On COI #117, Kyle Anzalone breaks down Biden’s Pentagon budget proposal for FY 2022. The president is asking Congress to give $715 billion in tax dollars to the military-industrial complex. The proposal calls for tens of billions to be spent on weapons systems with legacies of failure, like the F-35 and Ford-class aircraft carrier. Most of the money will be used to maintain the American Empire, not defend the homeland. While Congress has the power to alter the Pentagon budget, Kyle argues we should expect they will only increase spending.
The budget also further highlights the foreign policy establishment’s growing fixation on China. Biden wants to spend $5 billion on the Pacific Deterrence Initiative and billions more on weapons systems that will be deployed to waters off China’s coast. Kyle explains the danger of shifting so much military spending towards confronting Beijing.
What is the blockade’s role in Yemen’s humanitarian crisis?
For more than six years, Saudi Arabia has imposed an air and sea blockade on Yemen that has restricted the flow of vital commercial and humanitarian goods into the country. These restrictions have been a leading driver of the humanitarian crisis in Yemen, where 400,000 children are at risk of dying of malnutrition this year as the country is pushed toward “the biggest famine in modern history.” Since January 2021, Saudi Arabia has severely restricted fuel imports, hindering food shipments and hospitals’ ability to function.
Isn’t the blockade needed to prevent Iranian weapons from reaching the Houthis?
No. In 2015, the United Nations established aninspection and verification mechanism that ensures that ships docking at Yemen’s ports are not carrying weapons. In April 2021, US Special Envoy Tim Lenderking acknowledged that the mechanism “works quite well.” The import restrictions imposed by Saudi Arabia and the Hadi government are a tactic of economic warfare that seeks to gain leverage over the Houthis through starvation and deprivation of civilian populations.
This Week on Talk World Radio, it’s time to end the terrorism-generating war on terrorism. Our guest is Scott Horton. Scott Horton is the director of the Libertarian Institute, editorial director of Antiwar.com, host of Antiwar Radio on KPFK 90.7 FM in Los Angeles, and author of Fool’s Errand: Time to End the War in Afghanistan, and of the new book we’ll be mostly discussing Enough Already: Time to End the War on Terrorism.
More information and sources for the podcast here.
My father as a 19-year-old army grunt landed on Omaha Beach on D-Day in 1944. None of the guys on his Higgins boat survived. He only talked about this and being in France and Germany (getting two purple hearts) as an elderly man. He did mention the French hedgerows as being even more horrible than Omaha Beach itself, and, later, about stumbling around considering shooting himself in the foot rather than shooting to kill. Today we are inundated with carefully curated news and images about war and all the politics and corruption supporting it. So I value personal accounts, biased as they may be by the fundamental human concerns: life, health, relations with others; they demonstrate a kind of truth. The War Horse website gathers and publishes just such material from contemporary events. For that reason, today, Memorial Day, I would like to direct Antiwar.com readers attention to it: The War Horse | Nonprofit journalism about military service.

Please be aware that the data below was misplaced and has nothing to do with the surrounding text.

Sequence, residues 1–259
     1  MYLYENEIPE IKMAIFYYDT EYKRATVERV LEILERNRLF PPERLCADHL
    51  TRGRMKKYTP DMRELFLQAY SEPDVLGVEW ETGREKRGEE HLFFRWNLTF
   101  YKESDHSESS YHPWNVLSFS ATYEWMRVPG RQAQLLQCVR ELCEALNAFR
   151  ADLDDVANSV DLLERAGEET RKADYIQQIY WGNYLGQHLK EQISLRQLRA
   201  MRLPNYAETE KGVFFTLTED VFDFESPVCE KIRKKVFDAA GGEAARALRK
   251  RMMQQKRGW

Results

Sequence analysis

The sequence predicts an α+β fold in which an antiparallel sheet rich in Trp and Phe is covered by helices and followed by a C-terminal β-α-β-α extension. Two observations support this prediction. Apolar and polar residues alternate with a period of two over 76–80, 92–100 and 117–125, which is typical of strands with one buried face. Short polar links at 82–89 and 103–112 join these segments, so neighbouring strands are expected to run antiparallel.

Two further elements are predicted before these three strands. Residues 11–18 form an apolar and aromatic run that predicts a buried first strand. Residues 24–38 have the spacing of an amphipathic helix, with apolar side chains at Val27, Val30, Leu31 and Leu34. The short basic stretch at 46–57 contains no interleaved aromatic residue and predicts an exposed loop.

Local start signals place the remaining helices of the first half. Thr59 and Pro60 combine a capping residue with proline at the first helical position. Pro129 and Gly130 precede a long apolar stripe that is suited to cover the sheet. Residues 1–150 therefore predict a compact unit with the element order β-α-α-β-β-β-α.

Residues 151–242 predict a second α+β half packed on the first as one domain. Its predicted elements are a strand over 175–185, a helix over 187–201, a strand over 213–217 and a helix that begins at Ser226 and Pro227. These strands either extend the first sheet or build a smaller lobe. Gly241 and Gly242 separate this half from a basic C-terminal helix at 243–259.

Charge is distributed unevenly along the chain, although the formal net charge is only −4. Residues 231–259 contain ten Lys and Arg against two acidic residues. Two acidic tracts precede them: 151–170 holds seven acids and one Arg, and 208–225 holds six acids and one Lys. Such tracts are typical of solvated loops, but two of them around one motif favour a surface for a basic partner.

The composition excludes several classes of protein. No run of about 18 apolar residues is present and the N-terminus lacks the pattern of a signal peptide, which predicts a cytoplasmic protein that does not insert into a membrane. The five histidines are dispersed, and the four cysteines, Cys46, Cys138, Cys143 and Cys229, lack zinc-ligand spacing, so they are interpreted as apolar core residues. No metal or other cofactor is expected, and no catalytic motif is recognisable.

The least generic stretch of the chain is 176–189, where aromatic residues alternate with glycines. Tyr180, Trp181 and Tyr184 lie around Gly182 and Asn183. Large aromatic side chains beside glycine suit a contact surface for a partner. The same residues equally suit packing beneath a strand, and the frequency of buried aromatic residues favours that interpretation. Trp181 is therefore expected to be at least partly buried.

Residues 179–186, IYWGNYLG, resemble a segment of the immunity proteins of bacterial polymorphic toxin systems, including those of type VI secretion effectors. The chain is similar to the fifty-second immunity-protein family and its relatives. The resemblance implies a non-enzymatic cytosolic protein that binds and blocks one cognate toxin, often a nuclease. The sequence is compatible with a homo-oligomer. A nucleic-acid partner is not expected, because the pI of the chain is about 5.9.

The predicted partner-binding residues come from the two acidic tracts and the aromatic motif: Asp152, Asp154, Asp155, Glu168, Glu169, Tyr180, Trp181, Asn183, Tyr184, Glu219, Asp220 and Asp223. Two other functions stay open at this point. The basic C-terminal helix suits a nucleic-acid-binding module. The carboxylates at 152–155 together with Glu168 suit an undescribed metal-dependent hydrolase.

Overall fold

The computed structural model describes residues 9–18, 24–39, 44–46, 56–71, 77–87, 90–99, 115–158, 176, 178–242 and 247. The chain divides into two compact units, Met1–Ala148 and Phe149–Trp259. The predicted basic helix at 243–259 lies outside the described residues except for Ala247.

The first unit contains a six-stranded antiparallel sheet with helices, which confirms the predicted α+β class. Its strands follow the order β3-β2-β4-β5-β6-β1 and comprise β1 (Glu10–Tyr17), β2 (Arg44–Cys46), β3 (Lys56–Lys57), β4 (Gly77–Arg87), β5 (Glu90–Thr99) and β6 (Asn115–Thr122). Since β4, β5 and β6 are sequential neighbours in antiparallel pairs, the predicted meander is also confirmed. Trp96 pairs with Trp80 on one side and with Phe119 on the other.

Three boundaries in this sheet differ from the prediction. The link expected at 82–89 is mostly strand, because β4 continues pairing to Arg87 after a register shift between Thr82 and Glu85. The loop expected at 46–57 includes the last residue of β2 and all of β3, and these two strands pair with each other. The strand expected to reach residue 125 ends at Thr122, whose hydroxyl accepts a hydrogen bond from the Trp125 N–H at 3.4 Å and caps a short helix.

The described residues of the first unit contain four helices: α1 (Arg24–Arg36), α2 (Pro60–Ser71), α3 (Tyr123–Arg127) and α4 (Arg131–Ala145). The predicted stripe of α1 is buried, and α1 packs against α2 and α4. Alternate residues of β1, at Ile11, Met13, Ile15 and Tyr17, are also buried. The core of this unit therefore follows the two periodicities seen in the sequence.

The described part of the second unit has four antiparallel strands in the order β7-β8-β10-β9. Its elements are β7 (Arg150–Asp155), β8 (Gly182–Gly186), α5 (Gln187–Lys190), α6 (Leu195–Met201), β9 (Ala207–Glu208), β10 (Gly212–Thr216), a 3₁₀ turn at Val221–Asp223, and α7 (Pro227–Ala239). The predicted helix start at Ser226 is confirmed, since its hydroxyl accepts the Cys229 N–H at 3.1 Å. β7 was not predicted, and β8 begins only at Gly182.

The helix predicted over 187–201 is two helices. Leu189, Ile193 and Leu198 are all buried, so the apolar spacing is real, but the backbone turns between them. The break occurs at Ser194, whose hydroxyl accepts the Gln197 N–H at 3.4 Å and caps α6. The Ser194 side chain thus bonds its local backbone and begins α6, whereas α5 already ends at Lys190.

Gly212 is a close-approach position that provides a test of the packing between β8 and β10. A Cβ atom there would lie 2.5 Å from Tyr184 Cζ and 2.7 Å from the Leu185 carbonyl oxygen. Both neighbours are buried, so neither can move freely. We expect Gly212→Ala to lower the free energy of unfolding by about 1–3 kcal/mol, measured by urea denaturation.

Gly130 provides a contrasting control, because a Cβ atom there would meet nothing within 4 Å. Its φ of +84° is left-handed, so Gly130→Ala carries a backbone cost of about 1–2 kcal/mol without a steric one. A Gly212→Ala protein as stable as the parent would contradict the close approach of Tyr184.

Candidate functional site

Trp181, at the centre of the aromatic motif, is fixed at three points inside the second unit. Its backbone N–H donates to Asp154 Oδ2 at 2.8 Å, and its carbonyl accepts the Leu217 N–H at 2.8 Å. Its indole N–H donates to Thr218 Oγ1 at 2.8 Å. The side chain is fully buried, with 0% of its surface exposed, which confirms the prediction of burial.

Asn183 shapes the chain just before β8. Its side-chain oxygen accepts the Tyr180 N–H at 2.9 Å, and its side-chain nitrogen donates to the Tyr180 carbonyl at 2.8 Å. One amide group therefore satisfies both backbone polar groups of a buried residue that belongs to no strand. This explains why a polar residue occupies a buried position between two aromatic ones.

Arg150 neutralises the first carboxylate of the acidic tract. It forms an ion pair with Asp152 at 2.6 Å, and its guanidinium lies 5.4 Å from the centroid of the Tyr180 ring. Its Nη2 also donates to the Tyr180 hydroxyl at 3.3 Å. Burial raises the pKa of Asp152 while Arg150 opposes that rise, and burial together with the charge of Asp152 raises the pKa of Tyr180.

On COI #116, Kyle Anzalone and Will Porter cover a new round of US sanctions imposed on officials in Ethiopia, where fighting with rebels has killed thousands and displaced millions more in the country’s Tigray region. Cutting off foreign aid and slapping visa restrictions on officials, Washington is pressuring the central government to make efforts to end the fighting.
Legendary whistleblower and Pentagon Papers leaker Daniel Ellsberg has disclosed yet another series of classified documents from a 1966 Rand Corporation study. The files reveal that, during a round of fighting between China and Taiwan in 1958, the United States came much closer to dropping nuclear weapons on China than was previously known, with American military leaders pushing aggressively for the authority to do so.
After updating the progress of talks to revive the Iran nuclear deal, Will and Kyle also mark Memorial Day, discussing the ways our soldiers are used up and discarded by the very leaders who claim to champion them most.
Throughout history, various communities have wondered how to fight back against overwhelming force. Those in control are the masters of war and encourage physical opposition to themselves. They cannot be conquered by traditional physical nor democratic means. In such cases only the unexpected can upset meticulous planning.
One strategy that has been utilized is political self-sacrifice, which is an act of suicide designed to make a political intervention (Kierke, 2013). The most famous case of political self-sacrifice is the self-immolation by burning of Thich Quang Duc, a Vietnamese Mahayana Buddhist monk who took a stand against the oppressive government of South Vietnam. The case illustrates what can make political self-sacrifice so effective. I will recap the event, and then provide three reasons why I believe it had such a big impact.
South Vietnam, 1963
The young state of South Vietnam was in crisis. The South Vietnamese leader, Ngo Dinh Diem, was the head of the Catholic minority that was persecuting the nearly 80% Buddhist majority. Diem had dedicated Vietnam to Jesus and the Catholic Church, and held public ceremonies displaying crosses. The top positions in government were given to Catholics and they kept the bulk of foreign aid.